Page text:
Obama's Plan Giving Unlimited power to the Federal Reserve
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US President Obama has described his package of financial reforms unveiled this week as the biggest shake up of financial regulation since the Great Depression.
It may well be, but you would not know it judging by initial reaction of the markets.
They hardly batted an eyelid, most of the key market players I suspect had a pretty good idea of what was coming...
At the centre of the Obama plan is a proposal to boost the powers of the US Federal Reserve so it can police large financial institutions as well as banks.
The aim is to prevent institutions getting to the point where they are too big to fail.
This is a direct reference to the huge bailout for the likes of Mortgage lenders Fannie Mae and Freddie Mac and Insurance giant AIG.
AIG remember had to be bailed out with billions of dollars of taxpayer's money last year, sparking great anger among many in the US.
The reason for the bailout was that AIG's tentacles were so widely spread around the world, it was feared that if it did fail it could bring down the world's financial system.
The Bank of England's Governor Mervyn King summed the issue up nicely when he said on Wednesday: "If some banks are thought to be too big to fail, then, in the words of a distinguished American economist, they are too big."
Financial firms and hedge funds will also face new scrutiny and capital requirements, while consumers will get a new mortgage and consumer credit watchdog to look out for them.
President Obama is clearly walking a bit of tricky path here.
While he, like many in America, are still very angry about the failure of AIG and big investment banks like Lehman Brothers, he can't burden the free market with too many new regulations, through fear of trampling down an already weak economy.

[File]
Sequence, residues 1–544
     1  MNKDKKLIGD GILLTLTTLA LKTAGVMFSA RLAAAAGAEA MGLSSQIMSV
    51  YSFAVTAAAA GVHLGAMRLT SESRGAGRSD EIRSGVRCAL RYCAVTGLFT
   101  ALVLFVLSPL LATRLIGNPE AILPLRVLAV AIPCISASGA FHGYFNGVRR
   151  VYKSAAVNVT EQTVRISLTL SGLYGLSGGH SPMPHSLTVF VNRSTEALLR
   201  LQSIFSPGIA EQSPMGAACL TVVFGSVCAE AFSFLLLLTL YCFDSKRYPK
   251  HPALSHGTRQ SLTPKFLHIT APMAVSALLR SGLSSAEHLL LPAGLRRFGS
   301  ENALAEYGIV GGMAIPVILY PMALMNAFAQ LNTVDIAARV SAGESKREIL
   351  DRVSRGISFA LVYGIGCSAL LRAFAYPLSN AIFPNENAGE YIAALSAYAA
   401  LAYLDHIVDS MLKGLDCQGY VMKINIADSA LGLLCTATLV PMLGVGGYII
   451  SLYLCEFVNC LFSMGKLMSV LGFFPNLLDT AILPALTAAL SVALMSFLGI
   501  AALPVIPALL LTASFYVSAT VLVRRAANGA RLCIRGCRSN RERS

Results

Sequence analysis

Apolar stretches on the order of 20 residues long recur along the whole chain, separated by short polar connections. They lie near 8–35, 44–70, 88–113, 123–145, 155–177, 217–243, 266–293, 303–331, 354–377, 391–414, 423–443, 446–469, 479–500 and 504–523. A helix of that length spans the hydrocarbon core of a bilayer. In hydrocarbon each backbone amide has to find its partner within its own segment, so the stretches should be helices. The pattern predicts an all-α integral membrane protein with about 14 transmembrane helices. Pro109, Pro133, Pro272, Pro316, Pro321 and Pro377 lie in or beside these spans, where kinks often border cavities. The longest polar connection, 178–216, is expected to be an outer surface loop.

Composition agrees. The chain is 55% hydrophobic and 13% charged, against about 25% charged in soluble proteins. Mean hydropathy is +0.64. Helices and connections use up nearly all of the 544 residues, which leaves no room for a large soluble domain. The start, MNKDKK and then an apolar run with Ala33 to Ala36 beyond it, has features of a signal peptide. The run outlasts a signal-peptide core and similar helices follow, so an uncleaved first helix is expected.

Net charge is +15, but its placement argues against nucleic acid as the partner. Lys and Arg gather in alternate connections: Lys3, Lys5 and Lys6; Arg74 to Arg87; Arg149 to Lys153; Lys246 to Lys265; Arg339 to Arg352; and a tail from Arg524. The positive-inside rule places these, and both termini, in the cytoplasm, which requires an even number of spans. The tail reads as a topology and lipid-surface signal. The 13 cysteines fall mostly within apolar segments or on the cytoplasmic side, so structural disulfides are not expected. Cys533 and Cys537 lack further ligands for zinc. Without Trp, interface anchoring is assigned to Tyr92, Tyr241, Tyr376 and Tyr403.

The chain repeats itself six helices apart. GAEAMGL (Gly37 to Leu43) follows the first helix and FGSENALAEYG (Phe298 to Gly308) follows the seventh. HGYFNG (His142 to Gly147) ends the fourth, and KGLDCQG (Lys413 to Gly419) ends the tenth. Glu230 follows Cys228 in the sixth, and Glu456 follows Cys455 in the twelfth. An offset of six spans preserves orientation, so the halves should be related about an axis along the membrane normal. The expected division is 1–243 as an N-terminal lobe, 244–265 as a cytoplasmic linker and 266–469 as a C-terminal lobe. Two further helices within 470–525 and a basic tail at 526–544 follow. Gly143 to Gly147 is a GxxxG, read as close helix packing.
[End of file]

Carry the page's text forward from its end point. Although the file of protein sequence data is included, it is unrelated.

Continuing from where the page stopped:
This is how the President couched the plan on Wednesday...
"We are called upon to recognise that the free market is the most powerful generative force for our prosperity - but it is not a free license to ignore the consequences of our actions."
The initial reaction I've seen from media in US suggests he may well have struck an achievable middle path.
Bankers and Republican politicians are saying it is going too far and will restrict growth, but others, as Obama himself pointed out, are likely to feel he should have been tougher.
Ultimately this package of reforms has to be a good thing. We need stability in the world's financial markets and this hopefully will provide that and some much needed transparency.
The regulators so often accused of being 'asleep at the wheel' should now be better equipped to do their jobs....
Of course the regulations still need to pass through the political process in the US and it could yet change; with some law makers taking particular aim at proposals which will give the Federal Reserve more power.
So let's see how they look in six months time before we finally pass judgement.
For New Zealand the direct market impact will be limited.
However, if they do lead to a more stable financial system and similar reforms are implemented in Europe and elsewhere, then that should be good for us.
While we were not directly exposed to the sub prime crisis the shock waves have hammered our economy and that of our key trading partners.
The US needed to take some action. This looks like a reasonable first step.
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